In a surprising upset that defied most mainstream expectations, President-elect Donald Trump will become the 45th president of the United States of America. A successful businessman turned world’s most powerful politician, President-elect Trump’s vision of the United States’ role in the world and his “America First” policy will have immense influence on the complex foreign policy challenges facing the world today.
All transitions elicit a degree of uncertainty, so allies and partners are reasonably concerned about what a President Trump will mean for their relations with Washington. Yet, given President-elect Trump’s authentic “outsider” personality, there is also a historic opportunity for the next president to ignore or uproot entrenched interests that have dictated the assumptions underlying US policies; ultimately, this could have the effect of better serving US values and interests.
In this special issue of the Global Taiwan Brief, we asked four of the Global Taiwan Institute’s advisory board members for their opinions on what the Trump administration’s Taiwan policy should be. Writing here, in their personal capacity, two advisers previously served as directors of the United States’ de facto embassy in Taiwan, another as a career State Department intelligence official, and another as a legislative director to a former senior member of Congress. The opinions expressed in these articles are the author’s own.
There are, however, sharply contrasting views on what the United States should do in the Taiwan Strait. Short of outright abandoning Taiwan, an alternative approach was highlighted in a just-released report entitled “Creating a Stable Asia,” in which Michael Swaine, a senior fellow at the Carnegie Endowment for International Peace, recommended (beginning at 35:10) that Washington should retract the Six Assurances to Taiwan in order to come to a modus vivendi with China.
In what Swaine framed as a “long-term” strategy, he argues that to avoid a conflict with China there must be mutual assurances between Washington and Beijing that “require a dialogue between United State and China about military deployments and capabilities relevant to Taiwan.” Swaine acknowledged that his recommendation is currently limited by the Six Assurances, which states among many other important principles of US policy towards Taiwan, that “the August 17 Communiqué, ‘should not be read to imply that we have agreed to engage in prior consultations with Beijing on arms sales to Taiwan.’” In his public remarks, Swaine pointed out that the Six Assurances are “not law, not treaty; it’s statement of a policy, it’s not cast in concrete.”
Swaine is correct in noting that the Six Assurances is not law. Nevertheless, the Six Assurances represent a long-standing statement of Washington’s policy towards Taiwan for over 34 years. To turn its back on these assurances would not only be destabilizing but also damage US credibility. Furthermore, the Taiwan Relations Act is the law of the land. All statements of policy must be based on authority created by law. In this case, the Taiwan Relations Act, passed in 1979, prescribes that the executive branch must pursue policies that, among other things, “provide Taiwan with arms of a defensive character; and [must] maintain the capacity of the United States to resist any resort to force or other forms of coercion that would jeopardize the security, or the social or economic system, of the people on Taiwan.” Given the proximity of the issuance of the Six Assurances to the TRA, one could argue that this interpretation of law is closest to the Act’s original meaning. Yet, successive interpretation of the TRA have also led policy farther astray.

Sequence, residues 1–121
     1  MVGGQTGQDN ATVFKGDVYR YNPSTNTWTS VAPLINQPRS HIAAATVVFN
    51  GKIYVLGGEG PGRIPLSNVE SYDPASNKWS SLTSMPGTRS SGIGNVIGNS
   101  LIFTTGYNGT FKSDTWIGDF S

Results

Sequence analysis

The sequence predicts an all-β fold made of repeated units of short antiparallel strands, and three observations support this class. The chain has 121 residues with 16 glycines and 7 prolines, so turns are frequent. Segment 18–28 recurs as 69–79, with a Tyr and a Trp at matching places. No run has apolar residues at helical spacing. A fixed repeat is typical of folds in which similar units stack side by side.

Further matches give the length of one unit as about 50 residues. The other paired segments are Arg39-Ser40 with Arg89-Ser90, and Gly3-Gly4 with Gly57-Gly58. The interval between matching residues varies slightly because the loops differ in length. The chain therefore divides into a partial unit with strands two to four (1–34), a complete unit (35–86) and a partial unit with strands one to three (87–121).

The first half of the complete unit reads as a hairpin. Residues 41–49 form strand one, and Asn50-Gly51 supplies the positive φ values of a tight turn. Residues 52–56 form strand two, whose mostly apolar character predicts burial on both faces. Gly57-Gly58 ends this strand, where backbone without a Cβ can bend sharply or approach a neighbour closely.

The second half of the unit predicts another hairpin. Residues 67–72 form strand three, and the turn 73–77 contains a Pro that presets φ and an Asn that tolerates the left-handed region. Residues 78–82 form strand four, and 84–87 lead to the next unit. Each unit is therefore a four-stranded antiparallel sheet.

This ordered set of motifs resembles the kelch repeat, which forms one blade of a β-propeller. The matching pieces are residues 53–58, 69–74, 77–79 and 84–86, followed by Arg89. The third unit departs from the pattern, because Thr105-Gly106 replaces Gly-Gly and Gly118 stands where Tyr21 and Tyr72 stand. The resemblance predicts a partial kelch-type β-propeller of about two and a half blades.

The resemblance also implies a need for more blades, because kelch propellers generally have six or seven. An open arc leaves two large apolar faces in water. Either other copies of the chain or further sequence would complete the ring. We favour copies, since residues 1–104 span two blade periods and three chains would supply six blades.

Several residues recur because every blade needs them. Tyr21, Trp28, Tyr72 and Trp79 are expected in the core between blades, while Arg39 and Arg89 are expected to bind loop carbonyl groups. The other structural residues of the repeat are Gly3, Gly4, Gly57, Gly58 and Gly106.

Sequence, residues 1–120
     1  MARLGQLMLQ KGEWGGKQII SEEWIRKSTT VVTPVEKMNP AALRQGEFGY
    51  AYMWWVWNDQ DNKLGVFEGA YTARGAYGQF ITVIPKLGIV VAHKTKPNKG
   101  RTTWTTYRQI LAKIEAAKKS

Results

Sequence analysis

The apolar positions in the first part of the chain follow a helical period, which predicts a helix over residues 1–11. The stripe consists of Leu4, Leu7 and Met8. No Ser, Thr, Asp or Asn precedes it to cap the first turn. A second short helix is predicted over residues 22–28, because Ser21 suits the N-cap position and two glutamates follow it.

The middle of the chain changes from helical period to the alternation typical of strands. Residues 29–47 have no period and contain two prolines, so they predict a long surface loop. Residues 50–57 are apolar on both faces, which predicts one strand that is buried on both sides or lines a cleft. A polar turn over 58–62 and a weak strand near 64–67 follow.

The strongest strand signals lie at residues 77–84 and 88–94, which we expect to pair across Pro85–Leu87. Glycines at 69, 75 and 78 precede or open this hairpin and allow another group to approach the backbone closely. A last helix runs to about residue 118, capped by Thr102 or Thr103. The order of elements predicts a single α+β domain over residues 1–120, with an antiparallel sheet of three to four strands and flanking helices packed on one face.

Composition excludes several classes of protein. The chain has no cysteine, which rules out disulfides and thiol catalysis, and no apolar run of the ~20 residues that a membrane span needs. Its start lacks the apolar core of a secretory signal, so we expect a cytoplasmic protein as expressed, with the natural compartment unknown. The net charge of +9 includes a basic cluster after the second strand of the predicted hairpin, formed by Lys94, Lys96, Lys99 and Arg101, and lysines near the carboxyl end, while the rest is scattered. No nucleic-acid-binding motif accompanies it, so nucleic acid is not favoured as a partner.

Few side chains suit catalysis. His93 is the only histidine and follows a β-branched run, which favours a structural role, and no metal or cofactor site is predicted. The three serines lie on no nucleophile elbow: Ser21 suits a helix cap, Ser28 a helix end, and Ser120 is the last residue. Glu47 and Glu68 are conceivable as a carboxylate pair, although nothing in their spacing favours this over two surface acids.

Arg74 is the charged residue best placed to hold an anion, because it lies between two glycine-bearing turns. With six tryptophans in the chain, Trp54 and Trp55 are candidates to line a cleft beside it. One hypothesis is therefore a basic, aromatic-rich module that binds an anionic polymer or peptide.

It has been over two years since a major policy address by a senior US official on US-Taiwan Relations affirmed the Six Assurances. Indeed, at the Senate Foreign Relations Committee on April 3, 2014, Assistant Secretary of State Daniel R. Russel stated that the Six Assurances “continue to play an important part as an element of our approach to Taiwan and the situation across the strait.” Noting its intermittent absence in official policy statements, the House of Representatives introduced H. Con. Res. 88 – Reaffirming the Taiwan Relations Act and the Six Assurances as cornerstones of United States-Taiwan relations, which stated that the Congress “(1) affirms that the Taiwan Relations Act and the Six Assurances are both cornerstones of United States relations with Taiwan; and (2) urges the President and Department of State to affirm the Six Assurances publicly, proactively, and consistently as a cornerstone of United States-Taiwan relations.”
Thirty-four years have passed since then-President Ronald Reagan conveyed the Six Assurances to preserve the “status quo.” President-elect Trump has a historic opportunity to issue new assurances that better reflect the changes that have occurred on both sides of the Taiwan Strait. The objective of such new assurances would be to maintain the baseline policy enunciated in the TRA, as stated earlier, as well as, “[t]he preservation and enhancement of the human rights of all the people on Taiwan” and a guarantee that the “future of Taiwan will be determined by peaceful means.” At the very least, President-elect Trump should not turn his back on Reagan’s Six Assurances, which has been critical for maintaining peace and stability in the Taiwan Strait.
 For a detailed list of what a potential set of new assurances could say, refer to former Deputy Assistant Secretary of State Randy Schriver’s Taipei Times op-ed from 2007, “Taiwan Needs a New Six Assurances,” available at https://www.taipeitimes.com/News/editorials/archives/2007/08/22/2003375330/2